Woodland Hills Employees Wrongfully Terminated Must Face At-Will Employment LimitationsJune 5, 2010
Posted by Rice & Bloomfield
Los Angeles and all of California, are seeing the same changes in the economy that is seen across the country. Unemployment is up, which means people are losing their jobs.
When you lose your job, it is only natural to think that your employer has done something wrong. They have made a mistake and should not have fired you. The next step is considering whether you have legal recourse against your employer for wrongful termination.
The first thing you must understand is that California is an “at-will” state. That is, absent a written contract stating otherwise, you have your job at the will of your employer. Your employer may fire you at any time. They may or may not have a reason for firing you. They do not need to have a reason. If they have a reason, almost any reason is fine.
We often get calls from people who were fired where they feel it was not just. They were doing a better job than other people that were not fired and they think they were fired because one person who is messing up the company just did not like them. It was a bad business decision. The reality is, under California at-will law, a company is allowed to make bad business decisions and can fire you when doing so will hurt the company.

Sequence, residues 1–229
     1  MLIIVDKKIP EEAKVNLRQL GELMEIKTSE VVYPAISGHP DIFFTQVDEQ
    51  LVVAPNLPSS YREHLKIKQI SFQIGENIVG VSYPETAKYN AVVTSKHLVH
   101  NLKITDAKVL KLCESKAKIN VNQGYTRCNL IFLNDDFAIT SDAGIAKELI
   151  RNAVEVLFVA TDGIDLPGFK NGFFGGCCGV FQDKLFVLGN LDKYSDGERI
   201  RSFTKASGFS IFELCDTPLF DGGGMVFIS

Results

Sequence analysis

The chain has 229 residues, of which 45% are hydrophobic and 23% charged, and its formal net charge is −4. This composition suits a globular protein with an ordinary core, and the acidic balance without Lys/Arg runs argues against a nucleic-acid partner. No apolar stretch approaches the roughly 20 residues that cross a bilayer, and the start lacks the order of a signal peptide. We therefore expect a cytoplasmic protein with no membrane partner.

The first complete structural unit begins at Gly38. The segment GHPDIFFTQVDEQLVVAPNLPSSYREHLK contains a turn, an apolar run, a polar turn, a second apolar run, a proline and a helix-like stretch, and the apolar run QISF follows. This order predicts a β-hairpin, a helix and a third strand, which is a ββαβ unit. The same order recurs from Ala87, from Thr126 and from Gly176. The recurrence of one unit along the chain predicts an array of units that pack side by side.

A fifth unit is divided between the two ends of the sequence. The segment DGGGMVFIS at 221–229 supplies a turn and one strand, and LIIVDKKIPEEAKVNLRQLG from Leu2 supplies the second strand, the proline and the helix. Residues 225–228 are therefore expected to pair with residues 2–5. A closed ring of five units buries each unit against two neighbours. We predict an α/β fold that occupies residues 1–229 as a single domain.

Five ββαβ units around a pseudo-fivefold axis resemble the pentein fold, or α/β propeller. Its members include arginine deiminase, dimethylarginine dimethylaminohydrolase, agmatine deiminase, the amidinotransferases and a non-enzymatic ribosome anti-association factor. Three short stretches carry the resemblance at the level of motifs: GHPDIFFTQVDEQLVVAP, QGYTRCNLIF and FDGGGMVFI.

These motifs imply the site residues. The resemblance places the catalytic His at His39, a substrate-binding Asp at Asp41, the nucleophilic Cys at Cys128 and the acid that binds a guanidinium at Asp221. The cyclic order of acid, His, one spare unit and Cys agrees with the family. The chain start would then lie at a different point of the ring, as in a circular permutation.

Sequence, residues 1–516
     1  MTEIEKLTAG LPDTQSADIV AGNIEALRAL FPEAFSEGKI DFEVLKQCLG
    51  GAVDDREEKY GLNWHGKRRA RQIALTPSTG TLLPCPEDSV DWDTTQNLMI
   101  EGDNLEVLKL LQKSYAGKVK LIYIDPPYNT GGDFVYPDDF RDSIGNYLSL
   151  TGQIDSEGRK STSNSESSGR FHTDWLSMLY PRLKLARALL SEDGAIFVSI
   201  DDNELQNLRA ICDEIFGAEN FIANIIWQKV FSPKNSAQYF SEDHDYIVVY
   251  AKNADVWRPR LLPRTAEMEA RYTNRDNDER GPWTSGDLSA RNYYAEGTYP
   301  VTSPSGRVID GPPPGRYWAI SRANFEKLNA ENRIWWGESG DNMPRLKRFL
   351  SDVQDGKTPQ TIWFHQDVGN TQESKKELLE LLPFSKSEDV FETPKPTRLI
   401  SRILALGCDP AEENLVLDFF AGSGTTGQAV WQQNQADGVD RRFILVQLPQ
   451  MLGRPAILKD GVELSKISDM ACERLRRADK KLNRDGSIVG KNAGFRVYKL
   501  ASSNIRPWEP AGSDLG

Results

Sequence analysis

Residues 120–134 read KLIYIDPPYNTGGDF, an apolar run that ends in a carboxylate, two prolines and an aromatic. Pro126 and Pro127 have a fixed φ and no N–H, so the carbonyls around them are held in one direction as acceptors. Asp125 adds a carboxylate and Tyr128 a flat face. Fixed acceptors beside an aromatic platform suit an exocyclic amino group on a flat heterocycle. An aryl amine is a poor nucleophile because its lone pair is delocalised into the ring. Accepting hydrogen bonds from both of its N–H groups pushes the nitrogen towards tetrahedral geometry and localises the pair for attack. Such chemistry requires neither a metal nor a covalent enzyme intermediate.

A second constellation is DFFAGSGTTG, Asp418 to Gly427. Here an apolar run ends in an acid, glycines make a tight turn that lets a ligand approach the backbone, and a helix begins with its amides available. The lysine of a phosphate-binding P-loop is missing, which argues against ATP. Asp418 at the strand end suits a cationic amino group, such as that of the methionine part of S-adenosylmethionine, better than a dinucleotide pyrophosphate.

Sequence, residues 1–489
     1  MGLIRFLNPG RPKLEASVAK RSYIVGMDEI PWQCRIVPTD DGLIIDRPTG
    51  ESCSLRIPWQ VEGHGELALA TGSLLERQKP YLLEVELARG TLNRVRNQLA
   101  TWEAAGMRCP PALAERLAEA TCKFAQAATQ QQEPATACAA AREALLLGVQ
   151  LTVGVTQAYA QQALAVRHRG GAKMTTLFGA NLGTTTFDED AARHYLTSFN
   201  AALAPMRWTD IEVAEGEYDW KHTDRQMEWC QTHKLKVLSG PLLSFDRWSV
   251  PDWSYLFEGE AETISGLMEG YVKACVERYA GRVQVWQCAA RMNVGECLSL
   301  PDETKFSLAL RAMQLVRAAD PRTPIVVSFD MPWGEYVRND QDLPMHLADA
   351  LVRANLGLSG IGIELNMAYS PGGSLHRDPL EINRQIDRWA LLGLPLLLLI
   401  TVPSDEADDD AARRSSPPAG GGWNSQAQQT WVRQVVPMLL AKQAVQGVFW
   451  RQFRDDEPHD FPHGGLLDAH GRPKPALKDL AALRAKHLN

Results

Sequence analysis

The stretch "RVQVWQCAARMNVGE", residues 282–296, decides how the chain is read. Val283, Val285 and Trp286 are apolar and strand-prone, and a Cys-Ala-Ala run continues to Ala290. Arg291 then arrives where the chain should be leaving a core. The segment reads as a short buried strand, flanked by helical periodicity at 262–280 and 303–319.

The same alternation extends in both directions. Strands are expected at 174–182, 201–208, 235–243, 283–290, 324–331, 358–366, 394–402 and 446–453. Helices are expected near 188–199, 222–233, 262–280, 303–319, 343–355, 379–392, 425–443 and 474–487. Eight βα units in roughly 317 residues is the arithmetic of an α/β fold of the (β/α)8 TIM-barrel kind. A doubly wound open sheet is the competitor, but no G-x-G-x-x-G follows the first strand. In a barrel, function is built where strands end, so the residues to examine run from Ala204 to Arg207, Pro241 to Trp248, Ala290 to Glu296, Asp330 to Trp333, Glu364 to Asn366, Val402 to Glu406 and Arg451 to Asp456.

What your employer cannot do, is fire you if you have an employment contract that states they can only fire you for limited specific reasons. Your employer cannot fire you based on your age, race, sex, religion, national origin, or disability. Your employer cannot fire you because you reported some type of wrong-doing in which your employer was engaged.
The economy is impacting everyone. Now is a good time to have a job. Keep in mind that you may be an at-will employee which should have some impact on your behavior and performance in the workplace. If you have a conflict, and you are thinking you cannot be fired because you are such an asset to your company, you would be well served to know if you are an at-will employee.
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